Mr. Speaker, I rise today on a point of order with regard to an incident that occurred today at the Standing Committee on Health.
The standing committee adopted a motion restricting members from introducing motions in the official language of choice contrary to the rules of this House and the Official Languages Act. While I voluntarily agreed to submit a motion with the committee in both languages, I am concerned with the committee formalizing this as a requirement in its procedures.
Standing Order 65 outlines the procedure for moving motions. It states:
All motions shall be in writing...before being debated or put from the Chair....it shall be read in English and in French by the Speaker, if he or she be familiar with both languages; if not, the Speaker shall read the motion in one language and direct the Clerk of the Table to read it in the other—
Standing Order 116 states that in a standing committee the standing orders shall apply. Standing Order 116 lists some exceptions such as the election of the Speaker, seconding of motions and times of speaking. However moving motions in the official language of choice is not an exception. Moving motions in either official language is a right granted to members by the authority of this House and by law.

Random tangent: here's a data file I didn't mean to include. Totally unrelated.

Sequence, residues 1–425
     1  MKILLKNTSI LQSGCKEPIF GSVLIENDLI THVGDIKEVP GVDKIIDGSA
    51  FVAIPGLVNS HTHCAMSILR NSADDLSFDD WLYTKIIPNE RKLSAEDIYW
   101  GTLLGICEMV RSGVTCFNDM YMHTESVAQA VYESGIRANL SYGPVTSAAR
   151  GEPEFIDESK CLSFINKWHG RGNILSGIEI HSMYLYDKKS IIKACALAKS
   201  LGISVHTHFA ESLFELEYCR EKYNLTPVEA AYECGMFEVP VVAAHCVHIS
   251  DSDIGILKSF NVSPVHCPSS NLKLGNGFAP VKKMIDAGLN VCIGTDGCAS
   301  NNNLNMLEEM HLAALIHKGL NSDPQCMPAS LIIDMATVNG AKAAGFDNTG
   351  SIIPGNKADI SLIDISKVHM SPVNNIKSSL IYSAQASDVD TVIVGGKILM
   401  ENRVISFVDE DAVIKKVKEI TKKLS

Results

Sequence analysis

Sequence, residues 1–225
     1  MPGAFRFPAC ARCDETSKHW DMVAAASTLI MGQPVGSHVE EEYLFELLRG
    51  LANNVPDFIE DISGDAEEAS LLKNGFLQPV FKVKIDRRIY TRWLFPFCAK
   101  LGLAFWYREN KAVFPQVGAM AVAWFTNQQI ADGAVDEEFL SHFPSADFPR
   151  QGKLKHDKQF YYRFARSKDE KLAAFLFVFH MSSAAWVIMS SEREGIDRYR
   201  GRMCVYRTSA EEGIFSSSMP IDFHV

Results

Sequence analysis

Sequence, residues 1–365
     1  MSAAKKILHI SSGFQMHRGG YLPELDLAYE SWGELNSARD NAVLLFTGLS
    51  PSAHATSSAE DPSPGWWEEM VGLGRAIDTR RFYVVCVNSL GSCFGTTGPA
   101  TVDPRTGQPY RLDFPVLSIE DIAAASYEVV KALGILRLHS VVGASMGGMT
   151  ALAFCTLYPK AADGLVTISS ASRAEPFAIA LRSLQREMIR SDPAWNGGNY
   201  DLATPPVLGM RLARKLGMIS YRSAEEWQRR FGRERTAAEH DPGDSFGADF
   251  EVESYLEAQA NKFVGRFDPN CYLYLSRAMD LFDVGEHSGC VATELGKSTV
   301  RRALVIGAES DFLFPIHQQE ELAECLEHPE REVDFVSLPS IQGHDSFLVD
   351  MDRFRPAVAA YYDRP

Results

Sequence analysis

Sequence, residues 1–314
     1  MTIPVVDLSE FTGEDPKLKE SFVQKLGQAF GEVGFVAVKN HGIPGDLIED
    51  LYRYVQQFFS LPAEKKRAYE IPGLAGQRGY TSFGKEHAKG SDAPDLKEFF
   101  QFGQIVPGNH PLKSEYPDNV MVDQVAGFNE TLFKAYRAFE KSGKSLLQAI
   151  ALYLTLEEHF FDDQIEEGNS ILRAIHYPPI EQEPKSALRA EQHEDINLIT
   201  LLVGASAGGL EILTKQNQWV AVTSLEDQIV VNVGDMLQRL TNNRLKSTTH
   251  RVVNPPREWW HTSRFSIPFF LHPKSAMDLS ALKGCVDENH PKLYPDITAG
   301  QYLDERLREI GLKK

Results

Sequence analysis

Subsection 4(1) of the Official Languages Act reads as follows:
English and French are the official languages of Parliament, and everyone has the right to use either of those languages in any debates and other proceedings of Parliament.
This subsection defines the rights of members of parliament to speak and submit documents in their language of choice in parliamentary proceedings.
The Commissioner of Official Languages in his report to parliament in 1996 recommended that “the Speaker of the House advise committee chairs, referring particularly to subsection 4(1) of the Official Languages Act, that language should not be an obstacle to members of Parliament in the performance of their duties”.
Mr. Speaker, I would like to remind you of two important rulings with regard to committees and the standing orders of the House. On June 20, 1994 and November 7, 1996 the Speaker ruled:
While it is a tradition of this House that committees are masters of their own proceedings, they cannot establish procedures which go beyond the powers conferred upon them by the House.
In closing, the committee by adopting a procedure restricting members from introducing a motion in the official language of their choice has established a procedure which goes beyond the powers conferred upon it by the House. This committee is in breach of the standing orders and the law.